I haven’t seen any of the Tyler Perry movies, but there are a couple of them called “Why Did I Get Married?” and “I Think I Love My Wife,” and from the trailers I have seen, these seem to be formulaic little morality plays about a guy who maybe used to be a real ladies’ man, now trying to navigate the world of monogamy and family. Some new hottie shows up to tempt the guy, and he goes through a light existential crisis before deciding to be faithful to his wife. With these movies, Perry keeps the humor broad, and the acting is no better than it needs to be to present jokes that you can see coming a mile away. I think that “Labios Rojos” is the Mexican version of one of these movies.
Jorge Salinas plays Ricardo, a handsome guy turning 40 who is starting to feel the weight of the years and his hectic life. A new job offers new opportunities but an unexpected level of stress. With the increased work hours and worry he finds one night that he can’t get it up for his wife, and instead of just talking to her about how he is feeling really stressed out as well as feeling old, he lets things fester so that their relationship starts falling apart. Meanwhile, a ridiculously sexy new co-worker provides a distraction , and blah blah blah. Like I said, you know how the story goes, and the jokes are broadcast so far in advance that they cease to be funny by the time the punch line hits.
“Labios Rojos” has two things going for it. One is gorgeous actresses who display some brief nudity. The other is surprisingly good enunciation of the lines, which was key for me, because my motivation for making this seemingly random movie selection was to help me with my Spanish. I understood the language in this one better than just about any film I’ve seen, so for that reason I would recommend it to anyone who is trying to learn Spanish.
One star for the lame story, and one bonus star for the Spanish-lab value.
2 stars out of 5
“Warrior” simply should not be this good. This story of brothers separated as teens, who both return to MMA (Mixed Martial Arts) fighting and wind up competing in a big-money tournament should be just as trite and unlikely as the concept sounds. Somehow, though, co-writer/director Gavin O’Connor manages to pull the story together into something pretty gripping.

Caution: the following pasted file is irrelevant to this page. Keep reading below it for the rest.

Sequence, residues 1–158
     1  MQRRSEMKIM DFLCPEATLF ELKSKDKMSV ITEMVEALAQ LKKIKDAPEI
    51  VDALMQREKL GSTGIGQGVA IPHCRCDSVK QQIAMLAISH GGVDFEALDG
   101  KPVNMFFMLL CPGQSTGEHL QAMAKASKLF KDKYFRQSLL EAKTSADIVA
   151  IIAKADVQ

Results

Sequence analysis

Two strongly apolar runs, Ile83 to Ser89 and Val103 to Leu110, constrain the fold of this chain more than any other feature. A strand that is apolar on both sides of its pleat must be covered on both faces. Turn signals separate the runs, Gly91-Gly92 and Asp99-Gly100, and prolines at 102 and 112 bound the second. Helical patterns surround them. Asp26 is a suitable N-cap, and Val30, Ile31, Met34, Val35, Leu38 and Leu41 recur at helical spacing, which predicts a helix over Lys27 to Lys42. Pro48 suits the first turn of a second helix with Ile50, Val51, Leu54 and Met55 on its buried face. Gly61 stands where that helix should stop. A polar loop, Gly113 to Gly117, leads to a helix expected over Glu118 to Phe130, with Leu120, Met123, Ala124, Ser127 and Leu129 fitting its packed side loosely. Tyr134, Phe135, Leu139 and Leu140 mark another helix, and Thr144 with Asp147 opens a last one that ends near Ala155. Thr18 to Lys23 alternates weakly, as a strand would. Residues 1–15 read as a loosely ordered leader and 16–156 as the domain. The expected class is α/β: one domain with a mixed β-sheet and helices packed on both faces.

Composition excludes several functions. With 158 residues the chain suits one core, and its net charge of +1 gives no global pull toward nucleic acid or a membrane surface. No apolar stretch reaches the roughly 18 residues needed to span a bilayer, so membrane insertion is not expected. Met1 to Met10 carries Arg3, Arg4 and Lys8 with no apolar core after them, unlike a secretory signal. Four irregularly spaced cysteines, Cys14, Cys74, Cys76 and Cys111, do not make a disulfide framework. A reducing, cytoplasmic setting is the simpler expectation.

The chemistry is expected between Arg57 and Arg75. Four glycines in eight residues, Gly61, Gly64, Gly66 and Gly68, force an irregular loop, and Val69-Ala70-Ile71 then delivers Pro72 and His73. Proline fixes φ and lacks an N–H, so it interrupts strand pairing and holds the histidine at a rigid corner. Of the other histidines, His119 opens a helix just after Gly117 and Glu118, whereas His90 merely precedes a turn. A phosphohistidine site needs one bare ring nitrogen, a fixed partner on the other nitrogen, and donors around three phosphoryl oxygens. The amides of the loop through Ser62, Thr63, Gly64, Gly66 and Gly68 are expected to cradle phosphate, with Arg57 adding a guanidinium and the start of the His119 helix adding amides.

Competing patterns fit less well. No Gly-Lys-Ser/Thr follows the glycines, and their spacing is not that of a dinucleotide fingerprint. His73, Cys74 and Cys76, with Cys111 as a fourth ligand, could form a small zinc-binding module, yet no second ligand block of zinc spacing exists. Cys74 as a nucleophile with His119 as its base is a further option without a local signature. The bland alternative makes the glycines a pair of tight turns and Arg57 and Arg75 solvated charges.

Both brothers are estranged from their abusive, alcoholic father (Nick Nolte). When the younger brother, Tommy (Tom Hardy), returns from the Iraq War, he is full of pills, bitterness, and endless rage. Somehow he finds his way back into the boxing gym, where that rage makes him an unstoppable fighting machine and an internet sensation. Meanwhile, his brother Brandon (Joel Edgerton) has his life mostly together, but finds himself in danger of bankruptcy. His job as a high-school physics teacher isn’t enough to make the house payment, so he drifts back into MMA fighting as well. Ultimately the two wind up competing in the same $5 million tournament.
Believe it or not, it isn’t the fight scenes that made me like “Warrior.“ I like that from the opening scene on, the characters are fully realized human beings, with great performances by all the lead actors. Nick Nolte wound up being nominated for a Best Supporting Actor Academy Award. As for the fight scenes, they are fun and exciting, but somewhat staged. If you are a fan of actual MMA fighting, you may not find the fights very realistic.
Sadly, this film managed to fly below the radar, earning less than its $25 million budget despite positive reviews. This is a damn shame, because the film is a real crowd-pleaser. It feels like sacrilege to call “Warrior” a modern-day “Rocky,” but it comes close.
3.5 stars out of 5
“There are 8 million stories in the naked city.” I had always heard this line and assumed it was from one of the Sam Spade-esque movies set in Las Angeles. Turns out it comes from this police procedural set in New York.
The first thing you have to get used to in “The Naked City” is the almost constant narration. I found it grating at first, but got used to it. The reason for it is that the filmmakers used hidden cameras to secretly film thousands of New Yorkers going about their daily lives. This footage lacked sound, so narration and voice-overs were used with these scenes, which lend the story its background. The actors are filmed on location in New York as well, lending the movie a very real feel that quickly distracts from the newsreel-style narration.
Rather than a noir story, this is really a police procedural, not unlike one of the “CSI” shows. A young model is murdered, and police detectives Muldoon (Barry Fitzgerald) and Halloran (Don Taylor) hit the streets of New York to catch a killer. Interestingly, the film focuses on the tedious, meticulous nature of their craft. We get to watch as they follow dead ends, deal with crazy, false confessions, and ask the same question hundreds of times until they finally get a lead. I was fascinated, because I didn’t think they made such realistic police movies back in 1948.
Besides being an excellent whodunit, “The Naked City” is a fascinating snapshot of a specific place and time. All the shots of 1948 New York and its people are enthralling, especially the climactic manhunt and chase scene on the Brooklyn Bridge.
For fans of old movies, this is a must-see.
4 stars out of 5